This narrative prompted Eddie, who had also stayed in many other places with us, to confess about the ride-on mower in Wootton Rivers. He had apparently gone for a ride on this sometime in that same decade, had approached the church, lost control, and crunched the stone wall. Eddie’s recollection is that the wall was undamaged, but that the mower was rather crumpled. It still worked, however, so the miscreant parked it in the garage and hoped that Jessica’s father would not notice.

Eddie’s optimism was not entirely misplaced, as was demonstrated by Matthew’s next story. The owner of the mower, you see, was not exactly in complete command of his vehicle. One day our son was playing in the garden with a group of Pearson cousins. Suddenly panic, and cries of ‘Clear the lawn, everything off the lawn’, set in. Small and medium sized children rushed to and fro, hither and thither, grabbing toys, balls, you name it. ‘And Louisa’, someone yelled, and scooped up the crawling infant. It was then that Matthew saw the mower hove into view. ‘The beach ball’, someone shouted.

Too late. The mower steamed over and flattened the large round beach ball. It is believed that the driver remained unaware of the tragedy.

These, and many other stories were enlivened by various excellent wines chosen by Eddie, the professional. I was particularly taken with the chilled Brouilly.

The food was superb, My starter was squid, followed by grilled sardines, chips, and salad, some of which Louisa snaffled. I had to desert the party before the cheese and dessert.Piccadilly Circus

I walked back to Piccadilly Circus and took the Bakerloo Line to Waterloo, and thence to New Milton and from there home by a Galleon taxi.

Sitting opposite me on the train from Waterloo were a young Chinese woman attempting to sleep, and an older Englishwoman attempting to talk. I returned the conversation for a while then indicated my desire to return to my book. Soon peace reigned as my companions slept. They departed at Southampton Central, but very soon afterwards I had to abandon the book, as the train filled up to capacity, and a drunken, acknowledgedly ‘chatty’ young man full of Jameson’s sought to entertain us all. Giving up, I closed ‘December’ by Elizabeth H. Winthrop.

The taxi firm is to be recommended. They operate from a shed outside New Milton station.

Latin Gave Me Up

Although not having got round its baffle, the crow is back trampling the petunias on the chimney pot. The squirrel, on the other hand, earned a meal this morning. It made a successful launch from the eucalyptus, crash landed on top of the corvine baffle, slipped underneath it, and scoffed away. Given that the rodent has now rivalled Eddie the Eagle, Jackie moved the feeder further from the tree. The next lift-off point will doubtless be the new arch. Google can supply further information both on our aforementioned Olympic skier and yesterday’s Greg Rutherford reference.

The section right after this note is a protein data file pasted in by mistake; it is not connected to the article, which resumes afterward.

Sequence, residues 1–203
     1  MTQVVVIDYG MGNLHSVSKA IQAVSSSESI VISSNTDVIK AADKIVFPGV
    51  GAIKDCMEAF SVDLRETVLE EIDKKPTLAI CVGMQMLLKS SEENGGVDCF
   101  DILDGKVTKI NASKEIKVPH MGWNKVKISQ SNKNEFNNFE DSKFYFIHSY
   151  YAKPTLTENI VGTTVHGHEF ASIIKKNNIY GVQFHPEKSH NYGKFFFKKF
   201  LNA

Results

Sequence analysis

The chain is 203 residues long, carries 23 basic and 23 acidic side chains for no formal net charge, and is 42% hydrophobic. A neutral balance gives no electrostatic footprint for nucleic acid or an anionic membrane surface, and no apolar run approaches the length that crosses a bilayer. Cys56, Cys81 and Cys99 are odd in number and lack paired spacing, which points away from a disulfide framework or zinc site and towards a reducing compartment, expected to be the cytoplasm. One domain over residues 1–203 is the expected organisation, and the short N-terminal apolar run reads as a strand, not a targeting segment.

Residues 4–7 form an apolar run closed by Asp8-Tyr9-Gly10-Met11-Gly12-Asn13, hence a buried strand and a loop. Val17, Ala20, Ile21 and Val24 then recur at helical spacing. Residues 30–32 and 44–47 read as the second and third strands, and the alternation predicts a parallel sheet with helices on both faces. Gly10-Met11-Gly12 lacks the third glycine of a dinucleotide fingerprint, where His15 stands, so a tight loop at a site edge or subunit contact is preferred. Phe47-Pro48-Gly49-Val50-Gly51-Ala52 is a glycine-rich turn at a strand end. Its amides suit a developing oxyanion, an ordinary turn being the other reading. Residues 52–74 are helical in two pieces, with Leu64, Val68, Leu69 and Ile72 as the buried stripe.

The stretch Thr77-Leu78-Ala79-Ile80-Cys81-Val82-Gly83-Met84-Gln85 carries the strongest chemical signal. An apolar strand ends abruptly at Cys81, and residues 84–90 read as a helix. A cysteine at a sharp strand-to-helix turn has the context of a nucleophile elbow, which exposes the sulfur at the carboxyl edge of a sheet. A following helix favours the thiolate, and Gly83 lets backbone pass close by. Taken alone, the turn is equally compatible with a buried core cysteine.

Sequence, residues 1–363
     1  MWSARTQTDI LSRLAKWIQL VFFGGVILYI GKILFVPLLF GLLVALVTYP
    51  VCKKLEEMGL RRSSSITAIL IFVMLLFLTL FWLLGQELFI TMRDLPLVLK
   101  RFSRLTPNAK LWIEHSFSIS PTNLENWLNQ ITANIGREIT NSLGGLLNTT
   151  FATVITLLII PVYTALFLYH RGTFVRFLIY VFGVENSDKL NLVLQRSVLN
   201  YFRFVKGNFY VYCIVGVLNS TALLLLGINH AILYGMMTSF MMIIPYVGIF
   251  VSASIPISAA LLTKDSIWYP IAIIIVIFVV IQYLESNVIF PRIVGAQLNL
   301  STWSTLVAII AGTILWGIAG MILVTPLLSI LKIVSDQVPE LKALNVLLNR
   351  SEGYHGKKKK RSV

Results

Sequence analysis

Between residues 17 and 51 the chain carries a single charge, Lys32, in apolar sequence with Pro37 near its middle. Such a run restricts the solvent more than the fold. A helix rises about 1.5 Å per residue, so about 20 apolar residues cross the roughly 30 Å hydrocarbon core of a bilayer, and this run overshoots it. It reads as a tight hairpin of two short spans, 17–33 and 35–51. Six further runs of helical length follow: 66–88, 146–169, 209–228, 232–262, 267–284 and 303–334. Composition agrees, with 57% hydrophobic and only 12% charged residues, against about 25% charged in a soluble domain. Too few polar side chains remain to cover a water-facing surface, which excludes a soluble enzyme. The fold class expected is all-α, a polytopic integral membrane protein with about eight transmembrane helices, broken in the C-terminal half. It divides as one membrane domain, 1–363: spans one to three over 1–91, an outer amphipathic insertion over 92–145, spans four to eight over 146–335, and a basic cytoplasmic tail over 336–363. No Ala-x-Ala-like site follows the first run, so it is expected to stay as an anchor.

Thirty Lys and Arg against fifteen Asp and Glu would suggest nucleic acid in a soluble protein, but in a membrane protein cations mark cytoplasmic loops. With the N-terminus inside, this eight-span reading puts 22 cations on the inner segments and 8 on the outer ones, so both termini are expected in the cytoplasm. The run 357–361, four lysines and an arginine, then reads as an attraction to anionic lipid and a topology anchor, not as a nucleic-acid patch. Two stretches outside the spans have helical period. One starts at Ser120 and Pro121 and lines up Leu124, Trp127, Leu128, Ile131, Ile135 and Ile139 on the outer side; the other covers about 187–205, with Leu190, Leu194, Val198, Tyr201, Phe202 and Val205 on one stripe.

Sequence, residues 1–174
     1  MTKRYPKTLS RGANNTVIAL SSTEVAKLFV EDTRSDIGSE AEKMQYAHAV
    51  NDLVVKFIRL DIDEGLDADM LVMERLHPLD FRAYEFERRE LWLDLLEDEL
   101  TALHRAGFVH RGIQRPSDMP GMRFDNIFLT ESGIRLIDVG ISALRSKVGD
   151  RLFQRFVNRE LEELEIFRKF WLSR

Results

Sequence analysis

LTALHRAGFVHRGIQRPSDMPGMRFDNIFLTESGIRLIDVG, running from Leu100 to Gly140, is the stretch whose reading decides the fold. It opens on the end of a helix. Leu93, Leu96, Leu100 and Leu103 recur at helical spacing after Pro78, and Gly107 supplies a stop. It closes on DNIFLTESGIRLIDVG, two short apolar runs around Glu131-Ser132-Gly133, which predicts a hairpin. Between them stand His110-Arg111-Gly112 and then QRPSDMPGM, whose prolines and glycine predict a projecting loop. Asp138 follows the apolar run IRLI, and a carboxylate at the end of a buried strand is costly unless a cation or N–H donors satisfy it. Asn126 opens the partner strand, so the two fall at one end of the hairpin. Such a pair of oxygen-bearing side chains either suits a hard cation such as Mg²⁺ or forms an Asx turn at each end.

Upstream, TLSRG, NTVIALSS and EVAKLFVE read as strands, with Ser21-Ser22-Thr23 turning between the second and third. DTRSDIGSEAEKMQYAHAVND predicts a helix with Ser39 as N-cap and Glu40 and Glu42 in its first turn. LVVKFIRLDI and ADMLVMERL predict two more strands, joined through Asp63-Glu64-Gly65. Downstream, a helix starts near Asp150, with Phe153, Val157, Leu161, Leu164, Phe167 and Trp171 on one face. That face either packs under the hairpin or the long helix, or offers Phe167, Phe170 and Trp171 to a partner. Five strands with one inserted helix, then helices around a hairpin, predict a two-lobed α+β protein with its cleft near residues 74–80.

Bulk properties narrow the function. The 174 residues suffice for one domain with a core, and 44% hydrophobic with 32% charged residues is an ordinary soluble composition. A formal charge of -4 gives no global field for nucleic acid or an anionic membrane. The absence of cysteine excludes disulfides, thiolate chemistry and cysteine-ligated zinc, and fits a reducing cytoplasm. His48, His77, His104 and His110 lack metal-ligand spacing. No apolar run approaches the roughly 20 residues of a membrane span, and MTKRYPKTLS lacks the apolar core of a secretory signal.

We returned, briefly, to Castle Malwood Lodge this morning to retrieve two garden recliners we had left behind; and for a chat with Mo. Jackie then drove us to Ringwood where I deposited two pairs of shoes for repair; back home for lunch; then on to New Milton for me to catch the London train to visit Carol.

MeadowThe corner around our old flat is well stocked with self-seeded blooms from Jackie’s temporary garden; and the little meadow alongside New Milton station has an abundance of wild flowers.

Today I finished reading Cicero’s ‘Pro Roscio Amerino’ (For Roscius of Ameria). This is an eloquent and subtle defence of a man facing a trumped-up charge of parricide, and is significant for its being the young advocate’s first speech in a criminal court, and for his courage in taking on powerful political elements. No doubt aided by D.H.Berry’s able translation, the writing flows, and is very readable and entertaining.

It is to be inferred from my last sentence that I did not read this in the original, which would have been far beyond me. I am no Latin scholar, as was proven by my first three years at Wimbledon College. My Grammar school was then notable for its emphasis on the classics. Keen to obtain as many OxBridge university places as possible, Latin and Greek were the school’s most valued subjects, for in those 1950s days, a Latin qualification was a requirement for entry into our two leading centres of learning.

I was never subjected to Greek, and my Latin was so abysmal that, long before the O level stage, I was transferred to Geography, not then considered of prime importance.

Being top of the class in French, it was always a mystery to me that I could not grasp Latin. At school, I thought maybe it was because it seemed to be all about wars that didn’t particularly interest me. Not very many years ago, I twigged the reason for the imbalance. It was partially about word order, but more significantly about ignorance of grammatical terms. Without understanding these, I could manage the modern language, not that dissimilar in construction to our own. Meeting concepts like ‘subjunctive’ which were not considered needing explanation for passers of the eleven plus exam, I didn’t just swim, I sank.